But I was shocked yet again when, close to publication, Ancestry.com changed its estimates of my ancestry, concluding I was no longer Italian/Greek, Eastern European, Finnish, Iberian or Jewish.

I was a bit disappointed. I always wanted to be part Italian.

“More data and new methods of DNA analysis have given us a better picture of which DNA sequences are — or aren’t — associated with specific world regions. … New data indicates that a region does not belong in your results,” it stated.

Ancestry.com had no comment but the website stated it shrinks and enlarges some regions and claims the estimates could change again.

For example, now it estimates that 41 percent of me is from England, Wales and Northwestern Europe, 26 percent from Ireland and Scotland, 20 percent from Germanic Europe, 9 percent from France and 4 percent from Sweden.

My aunt and my mother both were surprised by the homedna.com results saying I was approximately 13 percent black. When I called them with the first results from Ancestry.com, they thought most of it made sense, like the finding of German and Irish. Then it turned comical when recently I told them I have an “updated estimate” of my DNA and guess what — I’m apparently from England, Wales and Northwestern Europe.

Seriously, I’ve never heard family members say our distant relatives came from Great Britain. And U.S. census records show several of my relatives as recent as my great grandmother reported being born in Finland.

Jennifer Raff, University of Kansas assistant professor of anthropology, said DNA companies estimate who you are most closely related to, but migration may have affected where your ancestors actually lived.

Results should be carefully interpreted, she warned:

“Don’t derive your identity from DNA.”

Faced with dramatic shifts within one company’s DNA results and the huge disparity between my results from two different DNA companies, I dug deeper.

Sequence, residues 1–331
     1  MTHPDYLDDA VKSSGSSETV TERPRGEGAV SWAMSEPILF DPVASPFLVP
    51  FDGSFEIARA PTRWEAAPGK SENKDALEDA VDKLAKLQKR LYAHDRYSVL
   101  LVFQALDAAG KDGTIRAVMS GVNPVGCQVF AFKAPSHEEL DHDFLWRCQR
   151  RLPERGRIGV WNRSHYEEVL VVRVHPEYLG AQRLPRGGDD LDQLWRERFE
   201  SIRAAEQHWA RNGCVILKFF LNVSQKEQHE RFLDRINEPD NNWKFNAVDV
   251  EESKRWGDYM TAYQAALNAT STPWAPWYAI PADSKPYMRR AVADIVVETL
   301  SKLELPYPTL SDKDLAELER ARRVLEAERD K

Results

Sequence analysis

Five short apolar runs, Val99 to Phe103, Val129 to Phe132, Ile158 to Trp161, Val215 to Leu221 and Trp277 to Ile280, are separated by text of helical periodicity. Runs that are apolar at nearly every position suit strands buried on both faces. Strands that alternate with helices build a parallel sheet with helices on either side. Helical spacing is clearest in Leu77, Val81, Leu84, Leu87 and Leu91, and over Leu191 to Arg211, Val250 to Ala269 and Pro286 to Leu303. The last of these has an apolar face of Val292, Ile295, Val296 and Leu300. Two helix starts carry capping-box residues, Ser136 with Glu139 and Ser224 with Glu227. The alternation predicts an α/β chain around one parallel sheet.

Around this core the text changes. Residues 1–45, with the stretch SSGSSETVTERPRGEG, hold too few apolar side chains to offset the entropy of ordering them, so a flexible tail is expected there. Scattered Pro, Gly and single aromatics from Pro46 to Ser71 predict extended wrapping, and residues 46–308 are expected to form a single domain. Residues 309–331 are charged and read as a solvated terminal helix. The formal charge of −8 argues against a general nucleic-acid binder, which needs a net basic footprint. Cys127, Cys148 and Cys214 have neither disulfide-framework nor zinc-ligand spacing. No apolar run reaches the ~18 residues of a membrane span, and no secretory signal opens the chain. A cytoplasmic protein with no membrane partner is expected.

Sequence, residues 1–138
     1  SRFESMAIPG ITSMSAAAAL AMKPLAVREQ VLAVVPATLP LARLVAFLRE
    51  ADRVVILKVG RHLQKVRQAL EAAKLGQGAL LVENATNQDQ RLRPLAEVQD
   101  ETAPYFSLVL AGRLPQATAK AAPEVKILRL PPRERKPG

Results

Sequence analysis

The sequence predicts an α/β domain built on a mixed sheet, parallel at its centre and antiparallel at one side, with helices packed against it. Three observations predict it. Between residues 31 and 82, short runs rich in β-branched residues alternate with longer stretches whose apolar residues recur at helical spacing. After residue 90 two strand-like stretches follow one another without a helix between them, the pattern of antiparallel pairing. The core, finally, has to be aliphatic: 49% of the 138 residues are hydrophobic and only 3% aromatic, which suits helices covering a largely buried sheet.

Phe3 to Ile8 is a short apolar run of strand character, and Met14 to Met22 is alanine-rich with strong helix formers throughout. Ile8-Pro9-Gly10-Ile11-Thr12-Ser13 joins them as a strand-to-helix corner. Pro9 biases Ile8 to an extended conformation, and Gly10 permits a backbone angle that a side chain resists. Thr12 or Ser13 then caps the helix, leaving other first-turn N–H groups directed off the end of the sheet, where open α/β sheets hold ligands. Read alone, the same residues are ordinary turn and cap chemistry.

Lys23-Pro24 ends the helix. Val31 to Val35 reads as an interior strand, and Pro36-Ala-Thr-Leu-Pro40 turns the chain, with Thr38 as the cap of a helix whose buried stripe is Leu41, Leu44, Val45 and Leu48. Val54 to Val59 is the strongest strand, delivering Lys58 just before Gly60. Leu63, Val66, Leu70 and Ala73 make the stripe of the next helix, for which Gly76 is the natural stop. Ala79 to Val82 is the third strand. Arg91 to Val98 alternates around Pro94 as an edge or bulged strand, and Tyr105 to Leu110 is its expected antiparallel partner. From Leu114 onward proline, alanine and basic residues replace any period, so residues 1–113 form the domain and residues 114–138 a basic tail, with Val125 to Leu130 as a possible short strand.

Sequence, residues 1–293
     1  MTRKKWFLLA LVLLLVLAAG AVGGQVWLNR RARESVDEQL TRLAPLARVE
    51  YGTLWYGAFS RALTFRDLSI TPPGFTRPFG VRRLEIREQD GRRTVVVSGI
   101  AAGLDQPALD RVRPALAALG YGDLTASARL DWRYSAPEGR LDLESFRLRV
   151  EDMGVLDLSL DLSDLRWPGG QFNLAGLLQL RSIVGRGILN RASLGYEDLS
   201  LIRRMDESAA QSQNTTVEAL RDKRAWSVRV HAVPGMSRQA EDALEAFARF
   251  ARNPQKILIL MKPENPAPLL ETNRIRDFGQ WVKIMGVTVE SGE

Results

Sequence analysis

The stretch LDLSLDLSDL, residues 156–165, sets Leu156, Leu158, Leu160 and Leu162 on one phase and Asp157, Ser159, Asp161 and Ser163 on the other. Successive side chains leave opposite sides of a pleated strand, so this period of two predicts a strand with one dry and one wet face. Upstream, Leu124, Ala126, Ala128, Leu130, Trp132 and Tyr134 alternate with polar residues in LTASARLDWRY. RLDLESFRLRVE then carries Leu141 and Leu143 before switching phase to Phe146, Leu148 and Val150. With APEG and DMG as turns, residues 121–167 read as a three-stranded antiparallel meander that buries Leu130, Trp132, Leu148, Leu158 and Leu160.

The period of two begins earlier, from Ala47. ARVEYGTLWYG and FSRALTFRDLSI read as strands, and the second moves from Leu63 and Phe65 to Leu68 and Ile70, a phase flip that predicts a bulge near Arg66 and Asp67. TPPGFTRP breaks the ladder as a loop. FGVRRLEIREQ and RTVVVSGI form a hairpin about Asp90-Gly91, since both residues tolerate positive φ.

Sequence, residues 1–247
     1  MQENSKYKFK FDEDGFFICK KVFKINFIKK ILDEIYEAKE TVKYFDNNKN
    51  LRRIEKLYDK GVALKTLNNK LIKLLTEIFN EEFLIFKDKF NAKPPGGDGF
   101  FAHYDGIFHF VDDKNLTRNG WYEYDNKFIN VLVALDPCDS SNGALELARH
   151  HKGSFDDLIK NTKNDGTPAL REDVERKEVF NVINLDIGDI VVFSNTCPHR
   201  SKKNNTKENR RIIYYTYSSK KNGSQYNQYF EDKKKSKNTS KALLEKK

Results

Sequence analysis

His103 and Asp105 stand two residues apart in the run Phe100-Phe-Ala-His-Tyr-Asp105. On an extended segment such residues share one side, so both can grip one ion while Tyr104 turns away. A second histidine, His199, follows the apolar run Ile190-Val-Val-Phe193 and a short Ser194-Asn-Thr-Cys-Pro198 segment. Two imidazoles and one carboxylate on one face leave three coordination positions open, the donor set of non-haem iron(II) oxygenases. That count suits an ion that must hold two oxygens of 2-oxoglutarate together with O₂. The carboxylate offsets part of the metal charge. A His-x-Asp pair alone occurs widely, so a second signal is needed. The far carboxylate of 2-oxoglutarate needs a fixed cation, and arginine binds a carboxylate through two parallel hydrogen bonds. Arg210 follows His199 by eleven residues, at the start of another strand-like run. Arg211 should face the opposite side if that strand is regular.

Suddenly I was scouring census reports, researching baptisms and looking at gravesite photos online to validate or invalidate the results. Secretly I crossed my fingers, hoping to discover ties to royal lineage or famous people.

My mother had little information about her family, but census records supported my original Ancestry.com results, showing the Boyles immigrated from Ireland, to Burlington Township, Wisconsin, where they became farmers in the 1850s.

As I poked into the past, my mom told me about a family accident I’d never heard before — one in which my grandfather accidentally shot and killed his older brother while they were hunting as teenagers.

Had I not delved into the past, I’d have never discovered the secret tragedy that affected so many in my mom’s family, leading some of them to turn to alcohol to cope with the loss.

On my father’s side, I had been told, and Ancestry.com confirmed, that some of my relatives were French Canadian and part of a “genetic community” of French settlers along the Saint Lawrence Valley in Quebec.

My fifth-great grandfather Charles Girard (1750-1829) was born in Quebec shortly before the Seven Years War, during which the British and French battled for the Canadian territory. By 1887 several Girards had moved to states like Michigan and Minnesota.

If I believe Ancestry.com’s updated DNA results, I’m mostly English or Welsh, something its own genealogy website and my family records, at this point, don’t support.

And while it’s unlikely I’m sub-Saharan, it’s not impossible. Frankly, I’m not sure what to believe.

While some of the DNA results confirmed what I already knew, I also discovered my roots and how my ancestors, mostly farmers and miners, struggled. For that, this proud Midwest girl is thankful.

But it also leaves me wanting to know more.